Rare diseases

Mutations affecting critical proteins.

Exploring the Uncommon World of Rare Diseases

Rare diseases are caused by inherited or de novo genetic mutations and include cancers, metabolic diseases, cystic fibrosis, muscular dystrophy, cardiac arrhythmias, sickle cell anemia, and some forms of epilepsy. A rare disease affects fewer than 1-in-2,000 people (< 200,000 people in USA) with over 6,000 rare diseases affecting 300 million people worldwide, with diagnosis increasing due to cheap and widespread genetic testing.

Treatments include gene therapy or editing and faulty enzyme replacement. Rare diseases are also called orphan diseases as it can be slow and expensive to develop new drugs for very small patient populations.

Current diagnosis and treatments

for rare diseases

Understanding rare diseases

Mutations in ion channels can cause inherited ion channelopathies which underlie common or rare diseases. In general, the mutations can be loss or gain of function resulting in the clinical phenotype. Many rare diseases have few treatment options available, if any. Genetic treatments for rare diseases include exon-skipping small molecules and RNA drugs, as well as gene therapies to deliver replacement genes in viral vectors or correct faulty sequences using gene editing techniques (CRISPR, base, and prime editing). Faulty proteins can also be replaced (e.g. enzymes in Fabry, Gaucher, and Pompe disease) or their misfolding corrected with small molecules. Alternatively, pharmacological agents can be sought which selectively up or downregulate the action of the faulty protein and ion channels may hold the key to the treatment of at least some rare diseases. As rare diseases typically occur from birth and are diagnosed by genetic testing in young children, effective treatments have the potential to improve the quality and duration of life which offsets their high cost.

Ion channels

in rare diseases

Mutations in Na+ channels in human arrhythmia and epilepsy syndromes

Brugada syndrome is a rare but potentially fatal cardiac arrhythmia disorder associated with sudden cardiac arrest and death in young adults. Loss-of-function (LOF) mutations in the SCN5A gene which encodes the cardiac voltage-gated sodium channel, NaV1.5, are the most common cause of Brugada syndrome, accounting for up to 30% of occurrences in Caucasians. Other LOF mutations in CaV1.2 and TRPM4, and gain-of-function (GOF) mutations in voltage-gated potassium channels have also been identified.

Dravet syndrome is a catastrophic and pharmacoresistant childhood epilepsy disorder which is characterized by the onset of epileptic seizures within the first year of life and is accompanied by cognitive impairment, ataxia, psychomotor regression, and autism. In most cases, Dravet syndrome is caused by a de novo loss-of-function mutation in the SCN1A gene which encodes the NaV1.1 ion channel. In the brain, NaV1.1 is primarily located in inhibitory and thus when NaV1.1 activity is reduced, this leads to a reduction in inhibitory neurotransmission and thus hyperexcitability in the CNS resulting in epileptic seizures. One potential treatment option would be to enhance the action of NaV1.1 and thus restore inhibitory neurotransmission.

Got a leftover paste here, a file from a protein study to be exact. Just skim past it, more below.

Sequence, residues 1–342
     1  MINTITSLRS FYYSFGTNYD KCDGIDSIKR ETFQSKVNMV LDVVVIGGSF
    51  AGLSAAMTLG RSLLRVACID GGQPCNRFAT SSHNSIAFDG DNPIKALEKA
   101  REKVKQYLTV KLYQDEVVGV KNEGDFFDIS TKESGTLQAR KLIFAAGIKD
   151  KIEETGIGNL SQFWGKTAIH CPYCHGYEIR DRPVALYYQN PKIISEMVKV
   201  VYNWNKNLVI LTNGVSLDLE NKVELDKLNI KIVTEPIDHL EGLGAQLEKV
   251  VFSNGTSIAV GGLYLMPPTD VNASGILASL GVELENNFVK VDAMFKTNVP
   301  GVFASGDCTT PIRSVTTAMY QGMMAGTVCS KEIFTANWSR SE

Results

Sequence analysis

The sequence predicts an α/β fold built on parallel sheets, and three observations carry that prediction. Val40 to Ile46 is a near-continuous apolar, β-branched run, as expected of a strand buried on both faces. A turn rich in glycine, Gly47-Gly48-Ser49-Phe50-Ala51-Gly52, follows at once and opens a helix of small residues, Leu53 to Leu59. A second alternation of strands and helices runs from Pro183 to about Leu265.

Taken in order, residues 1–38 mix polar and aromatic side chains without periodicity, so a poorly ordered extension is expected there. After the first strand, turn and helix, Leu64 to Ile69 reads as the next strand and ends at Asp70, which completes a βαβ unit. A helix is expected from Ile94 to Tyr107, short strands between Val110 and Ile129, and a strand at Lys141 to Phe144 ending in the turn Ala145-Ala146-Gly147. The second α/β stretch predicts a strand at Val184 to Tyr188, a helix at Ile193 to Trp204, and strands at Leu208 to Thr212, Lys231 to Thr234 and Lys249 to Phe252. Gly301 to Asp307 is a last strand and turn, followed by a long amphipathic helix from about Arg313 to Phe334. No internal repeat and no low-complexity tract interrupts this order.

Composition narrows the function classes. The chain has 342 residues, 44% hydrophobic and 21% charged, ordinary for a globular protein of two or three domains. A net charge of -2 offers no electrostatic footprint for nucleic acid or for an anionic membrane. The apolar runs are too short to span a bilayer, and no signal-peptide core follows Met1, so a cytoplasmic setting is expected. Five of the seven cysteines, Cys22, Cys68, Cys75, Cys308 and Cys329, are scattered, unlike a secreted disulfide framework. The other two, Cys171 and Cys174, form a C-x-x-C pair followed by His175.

The spider venom peptide Hm1a enhanced peak amplitude and delayed fast inactivation of NaV1.1 and, with lower potency, NaV1.3 but not NaV1.2, 1.5 or 1.7 recorded on the Patchliner. This in turn rescues interneuron function in Dravet syndrome mice and may provide a viable therapeutic option to treat this epileptic condition.

Richards K.L, et al. PNAS. (2018)

Examples of ion channels and transporters involved in rare diseases

Brugada syndrome
NaV1.5, TRPM4, CaV1.2, HCN4, hERG (KV11.1)
Dravet syndrome
SCN2A-related disorders
Timothy syndrome
Cystic fibrosis
Duchenne muscular dystrophy and myotonia congenita
CLCN4-related neurodevelopmental disorder (CLCN4-NDD)
Sickle cell anemia
Gardos channel (SK4) and KCC transporter
Dent’s disease type 1
CLC-5 (antiporter)

An example of rare diseases: Decoding CLCN4

CLCN4-related conditions are exceptionally rare, affecting just over 120 individuals worldwide with a CLCN4 gene change. The CLCN4 gene encodes the CLC-4 protein, a Cl-/H+ exchanger primarily expressed in the brain and skeletal muscle. Within intracellular organelles, the CLC-4 protein plays a crucial role in ion homeostasis of endosomes and intracellular trafficking.

Learn more about CLCN4-related conditions.

Assay platforms for

rare disease research

Automated patch clamp,
transporter assays and bilayers

Automated patch clamp platforms are well suited to study ion channels involved in rare diseases. NaV channels can be recorded using the Port-a-Patch, Patchliner and SyncroPatch 384, to investigate the functional effect of genetic variants and potentially corrective pharmacological agents. Red blood cells can be used on the devices to investigate the effects of ion channels in disorders affecting these cells.

Transporters involved in rare diseases can be recorded on the SURFE2R N1 and at higher throughput on the SURFE2R 96 instruments and ion channels can be reconstituted into bilayers and recorded on the Orbit mini and Orbit 16 TC. Human iPSC-derived cardiomyocytes can be recorded on the CardioExcyte 96 and FLEXcyte 96 to investigate the effects of mutations on cardiomyocyte contractility and morphology.

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